“We can’t just dig up the street, hotshot,” I said. “Oh, excuse me boys, what are you doing with those shovels?”
“Of course not. Don’t be daft,” Dan said. “That’s where I was this morning. Scouting. We go in the storm drain that dumps into the canal. I’m sure that we’ll find access to the pipeline in there somewhere.”
“But you don’t know that. We could spend weeks searching and find nothing.”
“We map it topside and then use our phones to track where we are. There has to be access points somewhere.”
“Fine,” I said, giving in, “say we find the pipe, what then?”
“We tap into it and run a hose back out to the entrance.”
Maybe it was the three or four pink elephants doing my thinking but, if not exactly a good idea, it seemed like a fun adventure in our new town. What I didn’t expect was that Dan would be like a child on Christmas morning. I think it was seven when he banged on our doors to wake us up.
“Six-thirty,” Dan corrected.
“Right, like that’s better.”
Anyway, he was up and ready to go spelunking in the sewers of Bruges. I had other plans. I rolled over and went back to sleep. When I made my way to the living room, about nine, Dan was pouting on the couch staring at the wall.
“I wasn’t pouting.”
“Well, you were grumpy as hell,” I said.
“Oh, come on Dan, stop your moping.”
“We’re wasting time.”
“Dan, there isn’t a universe where I get up at six to hunt for a beer pipeline.”
Mike joined us from the other room.
“Now, this is a proper time,” he said.
“See,” I gestured towards Mike. “Cooler heads.”
I headed into the kitchen. “Let me just get some brekkie and we’ll be off.” I called back over my shoulder, “Mike, do you want anything?”
“No. I’m good. And stop it with the British slang, you sound like an idiot.”
I grabbed the coffee pod and put it in the Italian contraption, pushing the lever down and pressed the red button. The sound of a very small jet aircraft came from the rear of the machine and the dark, rich, liquid filled the cup in front, topping the cup with just the right amount of caramel crema. Coffee was one of the things that the Europeans did better than us, I thought. It was simple, dark, and good. Even the worst was better than the stuff I had back home. I took two packets of sugar and stirred them into the coffee before downing the contents in a single gulp. I rinsed the cup and placed it in the sink and grabbed a Power Bar before joining the other two in the living room.
“Ready?” I asked.
“Let’s rock,” Dan said and then three of us headed out towards the canal.
“Do you know where we are going?” I asked.
“That bridge we crossed last night. I thought I saw a storm drain.”
Standing on the bridge it was obvious that there was no way to get to the storm drain except to swim.
“I am not swimming in the canal, Dan.” I looked up and down the canal. “Did you even get to the storm drain?”
“I thought you had this figured.”
“No, I said I had it scouted.”
“Not very well,” Mike said. I think they were the first words he had said since leaving the apartment. I laughed.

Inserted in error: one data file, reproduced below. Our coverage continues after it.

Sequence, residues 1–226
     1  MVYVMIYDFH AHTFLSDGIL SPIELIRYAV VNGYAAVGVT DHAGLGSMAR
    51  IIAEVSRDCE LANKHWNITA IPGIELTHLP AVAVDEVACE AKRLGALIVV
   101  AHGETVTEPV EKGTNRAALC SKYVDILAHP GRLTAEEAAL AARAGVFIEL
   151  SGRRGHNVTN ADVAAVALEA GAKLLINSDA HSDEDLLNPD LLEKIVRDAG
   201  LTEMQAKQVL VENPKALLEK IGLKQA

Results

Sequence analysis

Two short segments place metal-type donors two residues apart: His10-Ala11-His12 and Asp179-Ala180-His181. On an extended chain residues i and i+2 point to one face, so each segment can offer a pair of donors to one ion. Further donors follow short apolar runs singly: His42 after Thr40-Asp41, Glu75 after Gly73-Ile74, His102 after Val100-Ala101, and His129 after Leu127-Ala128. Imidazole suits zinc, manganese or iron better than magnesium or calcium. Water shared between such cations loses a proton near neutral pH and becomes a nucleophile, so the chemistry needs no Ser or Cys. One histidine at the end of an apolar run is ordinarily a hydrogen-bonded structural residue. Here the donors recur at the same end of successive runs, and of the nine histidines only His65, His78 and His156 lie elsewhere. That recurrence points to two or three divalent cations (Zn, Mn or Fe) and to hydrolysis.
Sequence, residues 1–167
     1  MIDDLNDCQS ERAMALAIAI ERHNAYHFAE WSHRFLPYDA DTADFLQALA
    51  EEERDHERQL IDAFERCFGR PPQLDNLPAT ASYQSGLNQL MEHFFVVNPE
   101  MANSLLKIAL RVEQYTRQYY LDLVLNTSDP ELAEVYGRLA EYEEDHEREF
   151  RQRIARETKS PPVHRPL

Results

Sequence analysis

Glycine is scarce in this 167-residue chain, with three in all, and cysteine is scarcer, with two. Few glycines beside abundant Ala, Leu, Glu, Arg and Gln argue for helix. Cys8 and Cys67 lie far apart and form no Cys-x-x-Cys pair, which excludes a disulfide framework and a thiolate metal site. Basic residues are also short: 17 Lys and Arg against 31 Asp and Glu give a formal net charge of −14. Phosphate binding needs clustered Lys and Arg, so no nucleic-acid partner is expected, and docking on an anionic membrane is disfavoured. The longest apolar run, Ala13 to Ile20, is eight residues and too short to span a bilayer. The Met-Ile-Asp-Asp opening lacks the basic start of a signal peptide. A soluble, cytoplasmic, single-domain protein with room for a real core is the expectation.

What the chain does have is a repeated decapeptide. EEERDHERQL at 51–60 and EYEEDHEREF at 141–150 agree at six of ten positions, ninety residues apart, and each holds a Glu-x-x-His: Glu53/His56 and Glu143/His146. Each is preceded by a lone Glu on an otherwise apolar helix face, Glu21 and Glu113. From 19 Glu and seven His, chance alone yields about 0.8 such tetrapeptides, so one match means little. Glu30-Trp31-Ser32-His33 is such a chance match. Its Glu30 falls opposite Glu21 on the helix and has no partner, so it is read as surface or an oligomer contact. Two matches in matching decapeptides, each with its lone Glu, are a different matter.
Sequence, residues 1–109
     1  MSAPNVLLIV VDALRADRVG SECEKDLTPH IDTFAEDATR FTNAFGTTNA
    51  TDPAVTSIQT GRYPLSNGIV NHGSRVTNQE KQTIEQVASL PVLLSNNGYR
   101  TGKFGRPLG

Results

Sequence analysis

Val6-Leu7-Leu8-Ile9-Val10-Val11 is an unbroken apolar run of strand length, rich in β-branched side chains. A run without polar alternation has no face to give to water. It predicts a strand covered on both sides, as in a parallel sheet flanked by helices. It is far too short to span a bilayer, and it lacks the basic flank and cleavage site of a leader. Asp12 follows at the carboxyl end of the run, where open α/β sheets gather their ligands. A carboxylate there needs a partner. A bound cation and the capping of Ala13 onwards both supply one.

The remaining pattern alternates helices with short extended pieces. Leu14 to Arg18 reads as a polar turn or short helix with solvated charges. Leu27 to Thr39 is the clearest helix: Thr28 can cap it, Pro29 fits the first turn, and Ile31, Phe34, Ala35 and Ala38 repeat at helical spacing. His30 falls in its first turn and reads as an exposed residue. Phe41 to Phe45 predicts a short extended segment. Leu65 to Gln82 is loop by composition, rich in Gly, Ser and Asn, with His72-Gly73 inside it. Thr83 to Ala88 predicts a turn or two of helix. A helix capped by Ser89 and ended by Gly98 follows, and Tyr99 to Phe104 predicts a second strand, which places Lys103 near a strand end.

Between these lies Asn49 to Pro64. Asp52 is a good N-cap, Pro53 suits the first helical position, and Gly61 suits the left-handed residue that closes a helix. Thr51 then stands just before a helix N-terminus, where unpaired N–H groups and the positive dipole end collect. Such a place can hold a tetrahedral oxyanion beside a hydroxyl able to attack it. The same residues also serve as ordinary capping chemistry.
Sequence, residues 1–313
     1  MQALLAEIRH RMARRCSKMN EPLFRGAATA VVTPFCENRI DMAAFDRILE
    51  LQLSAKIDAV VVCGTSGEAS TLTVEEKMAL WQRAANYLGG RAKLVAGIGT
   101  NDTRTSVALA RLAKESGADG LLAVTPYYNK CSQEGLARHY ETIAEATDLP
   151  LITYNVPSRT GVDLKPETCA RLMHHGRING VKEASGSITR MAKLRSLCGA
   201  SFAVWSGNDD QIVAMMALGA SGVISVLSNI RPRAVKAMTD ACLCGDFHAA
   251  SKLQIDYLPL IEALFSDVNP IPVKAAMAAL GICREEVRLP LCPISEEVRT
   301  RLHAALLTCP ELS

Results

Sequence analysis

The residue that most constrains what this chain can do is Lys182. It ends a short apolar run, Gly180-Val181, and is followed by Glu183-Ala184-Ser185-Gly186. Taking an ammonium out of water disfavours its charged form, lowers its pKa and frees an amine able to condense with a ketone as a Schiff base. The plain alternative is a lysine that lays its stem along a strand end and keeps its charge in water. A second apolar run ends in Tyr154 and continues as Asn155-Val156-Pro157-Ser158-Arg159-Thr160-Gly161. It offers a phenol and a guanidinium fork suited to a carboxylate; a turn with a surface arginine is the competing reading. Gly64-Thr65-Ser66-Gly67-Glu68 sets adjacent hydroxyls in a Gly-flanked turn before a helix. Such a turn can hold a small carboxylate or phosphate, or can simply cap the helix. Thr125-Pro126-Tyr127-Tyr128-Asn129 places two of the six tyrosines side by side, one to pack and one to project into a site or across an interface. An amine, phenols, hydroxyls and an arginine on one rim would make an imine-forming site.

“Mike, you always cut to the quick.”
“It’s what I’m here for.”
“Screw this,” I said. “We don’t even know where the pipeline runs through the town. This is just a snipe hunt.”
Mike started walking. “You guys going to follow, or what?” He pulled out his phone and opened his map.
“We’re going this way,” he said and pointed towards the center of town.
“You’re going to blow out your budget on data alone,” I said.
“Dude. I bought a pre-paid sim card once we got to town.”
I suddenly felt very stupid.
So with the two of us in tow, Mike crossed the bridge and headed into town, across the Markt we had crossed before, and through the streets to the doors of the brewery.
“This is where the pipeline starts. Maybe we can find a weakness or learn something,” He said and pointed to sign.
“Good,” I said, “but first let’s see if we even like the beer.”
The three of us entered the brewery. Behind the door, there was a courtyard with about twenty tables and a few people drinking beer. We turned left and entered the actual brewery which looked part museum, part working brewery.
“Should we take the tour?”
Dan and Mike nodded.
“Why not? We get a tasting at the end,” Dan said. “And I like free beer.”
“It’s not really free, Dan,” I said. “It’s part of the cost of the tour.”
There were two tours, one for twelve Euros and one for twenty one.
“Should we just take the cheaper tour? We’d have to wait until 12:30,” I said.
“We can grab a seat in the courtyard and have a beer to wait,” Mike suggested.
“But that’s not free,” Dan said.
“It never is Dan, it never is.” Mike responded as we grabbed a table.
“By the time the tour came we had already consumed three pints each,” I said to the Counselor. “And it was good beer. Really good. Maybe it was the beer, or maybe it was just boredom, but we didn’t pay as much attention as we should have or we might have found out a very important piece of information that would have saved us a lot of hurt. But this was where we found out where we could tap into the line.”
“That’s how you found the bridge?” the Counselor asked.
“Yeah. We went over there after the tour ended to scout what we would need. The next day we took a local bus to the suburbs and one of those Home Depot type stores.”
“We couldn’t believe how exposed the pipeline was,” Dan said. “They just ran it under the bridge.”
“They probably never thought anyone would be stupid enough to try what the two of you tried,” the diplomat said.
“Three,” Dan interrupted. “The three of us.”